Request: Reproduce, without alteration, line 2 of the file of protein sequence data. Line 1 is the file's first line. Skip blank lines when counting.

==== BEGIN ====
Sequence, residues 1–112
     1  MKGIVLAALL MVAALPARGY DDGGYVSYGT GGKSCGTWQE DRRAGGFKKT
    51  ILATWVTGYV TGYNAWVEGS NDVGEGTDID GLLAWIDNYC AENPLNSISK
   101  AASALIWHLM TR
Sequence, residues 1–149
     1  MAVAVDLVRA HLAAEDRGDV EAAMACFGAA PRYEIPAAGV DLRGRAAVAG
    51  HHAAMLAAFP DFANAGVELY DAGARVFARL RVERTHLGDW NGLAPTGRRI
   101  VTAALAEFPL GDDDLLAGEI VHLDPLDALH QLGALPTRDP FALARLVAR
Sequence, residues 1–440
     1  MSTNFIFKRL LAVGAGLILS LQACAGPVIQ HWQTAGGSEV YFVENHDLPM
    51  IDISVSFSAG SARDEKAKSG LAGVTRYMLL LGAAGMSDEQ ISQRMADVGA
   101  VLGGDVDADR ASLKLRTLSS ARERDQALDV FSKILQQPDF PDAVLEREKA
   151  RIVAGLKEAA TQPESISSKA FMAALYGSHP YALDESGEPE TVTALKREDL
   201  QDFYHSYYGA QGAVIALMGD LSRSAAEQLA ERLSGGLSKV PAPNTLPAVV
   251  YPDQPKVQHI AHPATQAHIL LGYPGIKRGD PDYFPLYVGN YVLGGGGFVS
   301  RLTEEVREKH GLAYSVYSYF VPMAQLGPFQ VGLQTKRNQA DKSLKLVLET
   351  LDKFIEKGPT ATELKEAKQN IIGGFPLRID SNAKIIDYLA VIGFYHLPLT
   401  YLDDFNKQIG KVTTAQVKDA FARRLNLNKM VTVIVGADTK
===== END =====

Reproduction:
     1  MKGIVLAALL MVAALPARGY DDGGYVSYGT GGKSCGTWQE DRRAGGFKKT